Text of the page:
A complex exploration of the physical and emotional effects of trauma, Something Wild stars Carroll Baker, in a layered performance, as a college student who attempts suicide after a brutal sexual assault but is stopped by a mechanic played by Ralph Meeker—whose kindness, however, soon takes an unsettling turn. Startlingly modern in its frankness and psychological realism, the film represents one of the purest on-screen expressions of the sensibility of the intimate community of artists around New York’s Actors Studio, which transformed American cinema in the mid-twentieth century. With astonishing location and claustrophobic interior photography by Eugene Schüfftan, an opening-title sequence by the inimitable Saul Bass, and a rhythmic score by Aaron Copland, this film by Jack Garfein is a masterwork of independent cinema.
Jack Garfein’s second (and last) film, Something Wild, gets a surprise Blu-ray release from the Criterion Collection, who present the film in its original aspect ratio of 1.66:1 on a dual-layer disc. The film has received a new 2K restoration, scanned from the 35mm original camera negative.
I expected this to look good, and I still think I had fairly high expectations for the presentation, even considering the film’s hard-to-come-by history (the only home video release I know of prior to this edition is an MGM manufactured-on-demand DVD), yet somehow Criterion has still managed to surpass those expectations.
The biggest surprise for me in particular was the restoration work itself. I can’t speak as to the condition of the film print used, whether it was in rough shape or excellent condition, but it doesn’t matter too much. Either way the restoration work has been incredibly thorough, and I’m hard-pressed to recall any type of blemish, other than some fine scratches. The materials look like the could be brand new.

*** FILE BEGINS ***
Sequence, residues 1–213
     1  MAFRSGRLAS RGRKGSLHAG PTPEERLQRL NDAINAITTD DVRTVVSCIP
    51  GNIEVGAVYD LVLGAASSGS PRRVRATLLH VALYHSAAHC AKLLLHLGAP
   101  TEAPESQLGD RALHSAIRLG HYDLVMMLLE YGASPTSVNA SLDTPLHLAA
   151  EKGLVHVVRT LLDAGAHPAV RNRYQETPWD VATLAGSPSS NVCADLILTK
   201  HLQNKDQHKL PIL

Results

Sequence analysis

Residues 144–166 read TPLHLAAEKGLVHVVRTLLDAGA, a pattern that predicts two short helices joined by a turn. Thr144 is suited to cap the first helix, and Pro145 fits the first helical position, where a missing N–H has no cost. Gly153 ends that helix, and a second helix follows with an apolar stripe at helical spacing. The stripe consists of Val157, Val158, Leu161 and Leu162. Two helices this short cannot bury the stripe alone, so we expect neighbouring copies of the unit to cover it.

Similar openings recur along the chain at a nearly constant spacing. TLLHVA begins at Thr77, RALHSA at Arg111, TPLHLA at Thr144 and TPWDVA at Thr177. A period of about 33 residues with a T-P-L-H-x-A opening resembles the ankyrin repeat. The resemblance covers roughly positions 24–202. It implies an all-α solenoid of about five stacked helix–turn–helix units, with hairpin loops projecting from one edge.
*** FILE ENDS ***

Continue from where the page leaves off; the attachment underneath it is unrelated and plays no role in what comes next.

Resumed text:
The digital delivery itself is also excellent. The film has a very grainy look, and it can get a bit heavy in some shots, but it’s rendered so well here: it’s clean, not noisy, and very natural looking. Other than some softer long shots (which appear to be a byproduct of filming and nothing to do with the digital restoration or encode) the image is highly detailed and consistently sharp. Fine patters, textures, and the little details come through crystal sclear. Contrast levels look very much spot on, delivering decent whites and very strong blacks, the details still popping out of the shadows of the darker scenes. Noise isn’t a concern and the image keeps a very natural look.
It’s a superb presentation. It’s sharp, it’s clean, and it looks very much like a film that could have been shot within the last few years. It looks very good.
The film’s audio—presented in lossless 1.0 PCM mono—also managed to exceed my expectations, though admittedly my expectations were a bit lower for this aspect. Despite the opening music (and then the portions of the score throughout the rest of the film) sounding a bit harsh, the audio is fairly robust for being a monaural presentation created around 56-years ago. Range is pretty good, as is fidelity, all noticeable in the background sound effects, whether it be cracking tree branches during the opening or the city traffic that is constantly flowing in the background throughout the filmDialogue is very clear and despite some audible background noise in a few sequences the track has been cleaned up amazingly well. Considering its low-budget and age I wasn’t expecting much but it ended up sounding rather good.